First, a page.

women

  U. S. Senator Kirsten Gillibrand will speak about her new book on empowering women, Off the Sidelines on Saturday, September 27 at 4:00 p.m. in the Campus Center Ballroom on the University at Albany’s uptown campus.

    

  In the spring of 2001, three women enlisted in the Indiana National Guard. Each had her own idea of what a stint in the Guard might mean — free education, a sense of purpose, extra money. But just months after they signed up, the 9/11 attacks occurred and what they thought would be a couple days of drills each month turned into long overseas deployments.

In her new book, Soldier Girls: The Battles of Three Women at Home and at War, Helen Thorpe follows the lives of Desma Brooks, Michelle Fischer and Debbie Helton for 12 years.

    Following the success of Lean In and Why Women Should Rule the World, the authors of the bestselling Womenomics provide an informative and practical guide to understanding the importance of confidence—and learning how to achieve it—for women of all ages and at all stages of their career.

Working women today are better educated and more well qualified than ever before. Yet men still predominate in the corporate world. In The Confidence Code, Claire Shipman and Katty Kay argue that the key reason is confidence.

    On Friday, August 15, SPAC and The Philadelphia Orchestra will present the New York premiere of composer Tan Dun’s Nu Shu: The Secret Songs of Women. A multimedia tour de force which made headlines around the globe at its China premiere this spring, Nu Shu is an exploration – through film and music -- of an ancient Chinese language secretly created by women in the remote province of Hunan, China, and passed through generations of mothers and daughters by reading, writing and singing.

Yannick Nézet-Séguin conducts the Orchestra for the performance and principal harpist Elizabeth Hainen is the featured soloist.

8/5/14 Panel

Aug 5, 2014

    

  Today's panelists are Political Consultant Libby Post, Times Union Associate Editor Mike Spain and Helen Desfosses.

Topics include:
Obama on Africa
Midterm Elections
Rikers Inquiry
Women and Supreme Court

  The 3rd Annual Jane Austen Retreat takes next weekend at the Wiawaka Center for Women on Lake George on Sunday, June 29th.

Participants will join scholars and enthusiasts in exploring Austen's world through facilitated discussions of Mansfield Park, viewing and discussion of film adaptations of the novel, and presentations from local JASNA members Mary Huber, Nancy Duell and Dr. Susan Jones.

    

  This Sunday is Mother’s Day and today in our Ideas Matter segment, we’ll learn about representations of women and motherhood in film from Dr. Jennifer Creech, she served as a panelist a recent New York State Humanities Council-funded film series, "Celebrating Women of Courage and Character" at Rochester's Little Theater Film Society.

Professor Creech received her Ph.D. in Germanic Studies from the University of Minnesota in 2006. She is an Assistant Professor of German in the Department of Modern Languages & Cultures at the University of Rochester and is an Affiliate Faculty member in the Film & Media Studies Program and the Susan B. Anthony Institute for Women's Studies.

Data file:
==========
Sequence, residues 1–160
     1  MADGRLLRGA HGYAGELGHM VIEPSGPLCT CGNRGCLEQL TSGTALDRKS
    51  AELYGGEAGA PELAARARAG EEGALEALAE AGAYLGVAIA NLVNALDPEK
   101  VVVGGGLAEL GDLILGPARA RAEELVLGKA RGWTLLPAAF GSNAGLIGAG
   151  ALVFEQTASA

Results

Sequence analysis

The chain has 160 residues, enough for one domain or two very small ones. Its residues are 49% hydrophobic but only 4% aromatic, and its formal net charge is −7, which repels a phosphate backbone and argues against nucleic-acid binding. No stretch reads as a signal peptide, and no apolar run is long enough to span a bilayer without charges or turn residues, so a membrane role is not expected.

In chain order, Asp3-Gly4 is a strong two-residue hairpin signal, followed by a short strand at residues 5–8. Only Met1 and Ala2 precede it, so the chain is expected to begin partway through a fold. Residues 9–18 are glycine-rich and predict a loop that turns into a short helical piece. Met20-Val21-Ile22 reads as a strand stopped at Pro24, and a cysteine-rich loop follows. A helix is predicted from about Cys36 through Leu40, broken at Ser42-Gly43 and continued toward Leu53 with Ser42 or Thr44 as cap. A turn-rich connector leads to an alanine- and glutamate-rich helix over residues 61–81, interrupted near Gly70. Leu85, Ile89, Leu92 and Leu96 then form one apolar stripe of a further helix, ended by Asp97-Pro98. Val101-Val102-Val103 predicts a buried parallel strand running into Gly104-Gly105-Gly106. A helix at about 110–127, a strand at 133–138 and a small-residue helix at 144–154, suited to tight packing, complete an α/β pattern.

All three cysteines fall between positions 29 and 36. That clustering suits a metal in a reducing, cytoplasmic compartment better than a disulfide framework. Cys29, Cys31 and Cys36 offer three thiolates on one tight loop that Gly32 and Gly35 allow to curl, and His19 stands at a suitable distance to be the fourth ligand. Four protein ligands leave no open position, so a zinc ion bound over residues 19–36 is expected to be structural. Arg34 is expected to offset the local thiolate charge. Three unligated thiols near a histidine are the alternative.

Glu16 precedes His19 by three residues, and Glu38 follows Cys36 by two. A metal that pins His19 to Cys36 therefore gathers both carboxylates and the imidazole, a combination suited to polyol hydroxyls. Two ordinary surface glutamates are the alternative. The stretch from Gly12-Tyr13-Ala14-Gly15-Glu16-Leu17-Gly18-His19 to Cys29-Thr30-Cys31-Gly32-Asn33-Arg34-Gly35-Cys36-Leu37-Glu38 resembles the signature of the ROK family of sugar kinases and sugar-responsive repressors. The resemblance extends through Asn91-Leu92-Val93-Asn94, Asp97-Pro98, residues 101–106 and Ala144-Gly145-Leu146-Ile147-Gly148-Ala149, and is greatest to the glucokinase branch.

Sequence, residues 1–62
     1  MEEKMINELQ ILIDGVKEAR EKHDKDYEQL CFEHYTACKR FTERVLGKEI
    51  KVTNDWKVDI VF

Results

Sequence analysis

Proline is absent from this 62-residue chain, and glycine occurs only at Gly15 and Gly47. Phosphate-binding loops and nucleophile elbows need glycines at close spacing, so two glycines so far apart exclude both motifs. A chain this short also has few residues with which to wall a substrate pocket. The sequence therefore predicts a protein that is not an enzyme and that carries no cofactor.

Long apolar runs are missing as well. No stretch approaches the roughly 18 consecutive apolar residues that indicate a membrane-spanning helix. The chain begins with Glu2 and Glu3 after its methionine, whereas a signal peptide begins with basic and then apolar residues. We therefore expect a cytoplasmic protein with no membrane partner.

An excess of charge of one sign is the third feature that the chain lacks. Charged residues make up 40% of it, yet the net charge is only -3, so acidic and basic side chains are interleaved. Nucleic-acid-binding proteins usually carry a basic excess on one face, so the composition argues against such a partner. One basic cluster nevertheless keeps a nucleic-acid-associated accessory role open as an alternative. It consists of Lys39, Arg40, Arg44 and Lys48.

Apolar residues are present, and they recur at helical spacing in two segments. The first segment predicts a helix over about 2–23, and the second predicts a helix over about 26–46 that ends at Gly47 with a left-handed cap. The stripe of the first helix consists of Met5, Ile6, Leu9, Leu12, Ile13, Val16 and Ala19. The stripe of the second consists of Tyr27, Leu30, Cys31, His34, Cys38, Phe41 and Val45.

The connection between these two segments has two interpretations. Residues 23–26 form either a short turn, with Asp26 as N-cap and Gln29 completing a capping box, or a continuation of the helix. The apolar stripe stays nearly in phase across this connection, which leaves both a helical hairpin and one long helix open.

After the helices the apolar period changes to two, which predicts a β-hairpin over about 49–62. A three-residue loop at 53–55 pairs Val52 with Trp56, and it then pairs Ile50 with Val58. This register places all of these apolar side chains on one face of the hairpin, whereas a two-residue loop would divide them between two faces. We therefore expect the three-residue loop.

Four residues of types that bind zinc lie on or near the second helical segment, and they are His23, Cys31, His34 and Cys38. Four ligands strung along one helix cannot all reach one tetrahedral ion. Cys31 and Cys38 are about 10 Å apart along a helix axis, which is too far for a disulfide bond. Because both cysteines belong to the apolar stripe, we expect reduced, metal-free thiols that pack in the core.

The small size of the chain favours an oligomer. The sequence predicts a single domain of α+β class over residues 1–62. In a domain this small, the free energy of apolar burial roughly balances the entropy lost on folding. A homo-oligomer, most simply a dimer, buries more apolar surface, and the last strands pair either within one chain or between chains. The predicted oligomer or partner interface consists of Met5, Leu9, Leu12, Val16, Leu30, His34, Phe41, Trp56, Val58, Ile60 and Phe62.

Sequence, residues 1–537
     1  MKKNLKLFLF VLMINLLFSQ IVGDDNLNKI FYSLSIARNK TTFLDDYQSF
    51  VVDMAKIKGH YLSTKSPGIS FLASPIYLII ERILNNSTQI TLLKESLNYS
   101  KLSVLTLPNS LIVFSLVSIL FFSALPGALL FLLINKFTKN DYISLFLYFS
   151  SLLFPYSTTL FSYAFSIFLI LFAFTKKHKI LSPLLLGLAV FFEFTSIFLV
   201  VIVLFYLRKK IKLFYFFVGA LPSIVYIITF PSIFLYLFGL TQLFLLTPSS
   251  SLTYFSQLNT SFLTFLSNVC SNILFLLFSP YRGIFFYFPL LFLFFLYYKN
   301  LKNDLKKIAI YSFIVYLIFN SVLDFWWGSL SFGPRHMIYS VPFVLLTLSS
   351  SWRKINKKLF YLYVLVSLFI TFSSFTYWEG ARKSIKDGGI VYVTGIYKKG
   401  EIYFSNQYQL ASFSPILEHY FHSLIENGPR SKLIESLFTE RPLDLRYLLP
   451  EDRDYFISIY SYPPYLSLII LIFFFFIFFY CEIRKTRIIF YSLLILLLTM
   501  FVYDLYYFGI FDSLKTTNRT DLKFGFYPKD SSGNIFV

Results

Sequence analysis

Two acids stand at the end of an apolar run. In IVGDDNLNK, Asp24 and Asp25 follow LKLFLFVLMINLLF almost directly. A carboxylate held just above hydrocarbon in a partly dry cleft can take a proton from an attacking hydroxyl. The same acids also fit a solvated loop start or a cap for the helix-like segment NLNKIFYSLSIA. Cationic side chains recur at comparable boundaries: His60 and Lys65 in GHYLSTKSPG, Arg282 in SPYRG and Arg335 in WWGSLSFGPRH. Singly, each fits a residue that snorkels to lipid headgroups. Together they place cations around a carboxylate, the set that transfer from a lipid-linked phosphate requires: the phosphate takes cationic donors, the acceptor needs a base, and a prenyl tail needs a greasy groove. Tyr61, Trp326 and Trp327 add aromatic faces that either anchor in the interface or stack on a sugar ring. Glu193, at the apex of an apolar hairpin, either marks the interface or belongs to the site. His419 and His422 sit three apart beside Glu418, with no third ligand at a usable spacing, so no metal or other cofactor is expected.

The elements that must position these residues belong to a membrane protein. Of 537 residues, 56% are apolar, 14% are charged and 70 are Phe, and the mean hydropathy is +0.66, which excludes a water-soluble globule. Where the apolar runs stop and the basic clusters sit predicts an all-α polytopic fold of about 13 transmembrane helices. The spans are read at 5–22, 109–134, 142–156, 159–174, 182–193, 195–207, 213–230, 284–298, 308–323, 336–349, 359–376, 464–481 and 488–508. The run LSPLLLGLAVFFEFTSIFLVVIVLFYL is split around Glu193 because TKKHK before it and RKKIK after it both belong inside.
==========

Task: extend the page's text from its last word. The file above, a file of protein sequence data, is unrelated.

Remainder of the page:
President Jimmy Carter Commentary

Apr 3, 2014

   Helen Desfosses is an Instructor in Public Policy at the Osher (pronounced OH-sher) Lifelong Learning Institute at George Mason University, Fairfax, VA.

  Former President Jimmy Carter has written his 28th book: A Call to Action: Women, Religion, Violence and Power.

He writes about his concern that for political or religious reasons, more females have been murdered worldwide than all of the people who have died in every war during that same span of time.

Motherhood Out Loud

Mar 27, 2014

    

  Motherhood Out Loud is a culturally and gender diverse series of monologues on the subject of Motherhood, written by a host of celebrated writers.

Motherhood Out Loud traverses the experience of motherhood in all its wonderful glory from inception, birth, sexuality, growing up and letting go to the inevitable role reversal that occurs as we find ourselves parenting our parents. The show will have its Berkshire Premiere on Friday and two performances on Saturday at the Unicorn Theatre in Stockbridge as part of the Berkshire Women's Writers Festival.

To tell us more – Actors Jayne Atkinson and Jane Kaczmarek (probably best known as the star of TV’s Malcolm in the Middle.) And Artistic Director of WAM Theatre, Kristen Van Ginhoven also is here as WAM is co-presenting the production.

      Fans of number one New York Times bestselling author and celebrated journalist Cokie Roberts will love this stunning nonfiction picture book based on her acclaimed work for adults, Founding Mothers, which highlights the female patriots of the American Revolution.

Beautifully illustrated by Caldecott Honor–winning artist Diane Goode, Founding Mothers: Remembering the Ladies reveals the incredible accomplishments of the women who orchestrated the American Revolution behind the scenes.

   The annual Berkshire Festival of Women Writers is a collaborative, multi-venue event sponsored by Bard College at Simon’s Rock with many local partners, celebrated county-wide in the month of March, Women’s History Month.